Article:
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Thundu Sherpa, 46

Tuesday, November 29th, 2016

Namgel (left) and a Thundu (right) at Mt Everest Base Camp in 2010. Thundu Sherpa was killed in an avalanche triggered by an aftershock while climbing Ama Dablam on Monday morning.


Perhaps the biggest honour a man can aspire to is to be called A Hero To Men. On the outside, Lakpa Thundu Sherpa was an unlikely candidate for this high compliment. Of slight build, endowed with a quiet voice and an unfailingly humble demeanor, Thundu was nonetheless considered a giant among his peers — the exclusive club of Nepali mountain guides.

Much has been made of these brave people in Western folklore. What few Westerners realise, however, is that Sherpa men only turn to high altitude mountaineering as a job, not for fun. It was thus out of necessity that as a teenager, Thundu signed on to his first expedition in the role of kitchen boy. A few seasons later, he advanced to cook at one of the higher altitude camps and then went on to become a high altitude porter before graduating to the esteemed and rarified position of mountain guide. A calm character and natural cheerfulness belied his supreme agility and strength at higher altitudes.

Thundu became known as a quiet giant. He carried the biggest, heaviest loads and effortlessly moved at the fastest pace, all the while maintaining his trademark cheerfulness. Yet noone can remember hearing him speak of his own achievements. Khame Sherpa, Thundu’s sirdar, his bosses Iswari Paudel and Henry Todd, his colleagues and his clients would speak all the more boastfully of Thundu’s prowess.

Climbers fought over the privilege to have Thundu as their guide. The British explorer Sir Ranulph Fiennes refused to make his third attempt on Mt Everest unless Thundu was assigned as his guide. Ran’s wish was granted and together with Thundu, his climbing partner Ang Namgel Sherpa, Kenton Cool and my future wife, Anita, we all reached the summit on 25 May, 2009.

In 2010, we found ourselves on Mt Everest again, and it was then Thundu, as well as Namgel, would show their true greatness. After the reaching the summit, we returned to Camp II, where Anita began experiencing difficulty breathing. She suffocated and soon expired, pronounced dead by our physician Rob Casserley. On hearing this Thundu and Namgel ran out of the mess tent where Anita lay stonecold and blue as ice, only to return a few minutes later, panting and holding a medic bag containing syringes of adrenaline and steroids.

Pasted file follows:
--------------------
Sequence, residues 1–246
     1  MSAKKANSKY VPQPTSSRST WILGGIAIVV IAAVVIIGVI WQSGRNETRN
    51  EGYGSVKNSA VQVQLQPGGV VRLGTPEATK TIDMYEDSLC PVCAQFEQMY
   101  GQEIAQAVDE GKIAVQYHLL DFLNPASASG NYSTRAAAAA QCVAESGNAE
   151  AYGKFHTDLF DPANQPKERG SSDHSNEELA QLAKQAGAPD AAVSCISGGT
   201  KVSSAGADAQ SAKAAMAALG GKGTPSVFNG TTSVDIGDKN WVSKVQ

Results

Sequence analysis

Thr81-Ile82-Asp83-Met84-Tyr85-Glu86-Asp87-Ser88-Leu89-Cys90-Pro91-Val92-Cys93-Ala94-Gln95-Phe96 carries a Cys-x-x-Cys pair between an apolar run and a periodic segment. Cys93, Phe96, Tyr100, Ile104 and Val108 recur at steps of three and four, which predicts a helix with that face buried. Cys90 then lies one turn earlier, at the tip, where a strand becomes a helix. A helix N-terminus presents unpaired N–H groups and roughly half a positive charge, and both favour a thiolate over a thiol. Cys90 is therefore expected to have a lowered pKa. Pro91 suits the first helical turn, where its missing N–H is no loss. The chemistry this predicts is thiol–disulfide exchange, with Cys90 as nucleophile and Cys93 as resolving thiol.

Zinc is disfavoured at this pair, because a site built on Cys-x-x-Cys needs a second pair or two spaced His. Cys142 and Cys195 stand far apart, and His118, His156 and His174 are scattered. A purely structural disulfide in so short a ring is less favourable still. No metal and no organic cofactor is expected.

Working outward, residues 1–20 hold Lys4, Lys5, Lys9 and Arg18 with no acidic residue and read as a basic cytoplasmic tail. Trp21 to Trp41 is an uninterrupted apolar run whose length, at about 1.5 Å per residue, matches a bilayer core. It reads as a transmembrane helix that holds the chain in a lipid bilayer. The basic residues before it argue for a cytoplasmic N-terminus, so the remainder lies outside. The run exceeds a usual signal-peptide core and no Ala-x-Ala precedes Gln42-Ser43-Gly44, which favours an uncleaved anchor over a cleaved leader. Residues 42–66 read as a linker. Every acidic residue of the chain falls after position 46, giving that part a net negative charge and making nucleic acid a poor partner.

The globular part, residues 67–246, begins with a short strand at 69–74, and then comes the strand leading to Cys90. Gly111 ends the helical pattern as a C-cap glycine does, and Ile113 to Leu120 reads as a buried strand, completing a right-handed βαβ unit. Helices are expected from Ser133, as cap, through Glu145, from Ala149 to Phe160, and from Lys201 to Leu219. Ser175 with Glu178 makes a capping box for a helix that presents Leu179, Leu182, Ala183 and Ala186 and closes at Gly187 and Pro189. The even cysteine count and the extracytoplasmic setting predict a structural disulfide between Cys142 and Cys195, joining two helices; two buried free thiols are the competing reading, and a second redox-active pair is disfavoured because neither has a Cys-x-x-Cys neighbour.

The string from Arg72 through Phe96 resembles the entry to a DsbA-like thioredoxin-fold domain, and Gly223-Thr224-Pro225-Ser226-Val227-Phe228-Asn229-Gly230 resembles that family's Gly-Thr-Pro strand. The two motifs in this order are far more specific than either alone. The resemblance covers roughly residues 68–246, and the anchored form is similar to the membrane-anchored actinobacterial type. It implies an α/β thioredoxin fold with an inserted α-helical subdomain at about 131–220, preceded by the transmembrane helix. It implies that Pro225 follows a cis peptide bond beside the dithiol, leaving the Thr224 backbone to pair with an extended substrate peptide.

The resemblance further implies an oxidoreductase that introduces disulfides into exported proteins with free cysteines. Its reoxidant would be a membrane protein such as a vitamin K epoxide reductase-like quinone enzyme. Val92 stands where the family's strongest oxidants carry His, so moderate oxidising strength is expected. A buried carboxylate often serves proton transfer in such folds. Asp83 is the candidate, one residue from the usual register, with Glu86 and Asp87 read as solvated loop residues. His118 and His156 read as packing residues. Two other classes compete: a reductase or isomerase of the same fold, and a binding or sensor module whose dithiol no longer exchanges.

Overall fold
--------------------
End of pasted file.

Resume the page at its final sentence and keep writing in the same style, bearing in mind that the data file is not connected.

This cocktail jump-started Anita’s heart and she began breathing again – over 4 minutes after the episode began. With Anita still unconscious and after almost 40 hours of climbing, I told Thundu and Namgel that I would take a short nap. My last memory before falling asleep is of our friends standing resolutely on either side of Anita.

On waking, the first thing I noticed was that Thundu and Namgel had not changed their position at all, so I naturally assumed I had only napped for half an hour or so. I checked my watch and was stunned to discover that it had been over five hours. Thundu and Namgel hadn’t moved. An hour later, Anita woke up and to our surprise spoke as if nothing had happened. The fridgid temperature had preserved her cognitive abilities. After breakfast, and without sleep in over two days, Thundu carried his and Anita’s rucksack out of Camp II, nimbly crossing the long, shaky ladders spanning deep crevasses.

Out of gratitude, we invited Thundu and Namgel to America where we taught them watchmaking. Thanks to their low resting pulse, their natural aptitude at this task was unrivaled and a year later we opened the world’s first Kathmandu-based watch company owned and operated by two Sherpas. The BBC, The New York Times and other
media covered their incredible transition from mountain guides to watchmaking Sherpas. Yet Namgel, and Thundu in particular, felt very uneasy about their newfound fame and celebrity.

The goal was simple: to keep “our” Sherpas off mountains forever and to train other Sherpas in watchmaking, so that they, too, might escape a life of mountaineering. Unfortunately, I made some grave mistakes by assuming that Thundu and Namgel would enjoy this thoroughly sedentary occupation. Moreover, it became evident that watches ‘Made in Nepal’ did not create quite the buzz I had envisioned. The earthquakes and India’s unofficial blockade in 2015 only accelerated its demise: Thundu and Namgel would not be able to keep their families afloat with watchmaking.

On 28 November, Thundu was making his way up Mt Ama Dablam with his usual effortless speed. The earth shook, an avalanche descended and Thundu was struck by a large block of ice. That day, the diametrically opposed worlds of mountaineering and horology lost a legend. Thundu Sherpa, really was a hero to men.

Michael Kobold is a German-born watchmaker based near Pittsburgh, Pennsylvania USA.

Thundu Sherpa leaves behind his wife and two small children. To contribute:

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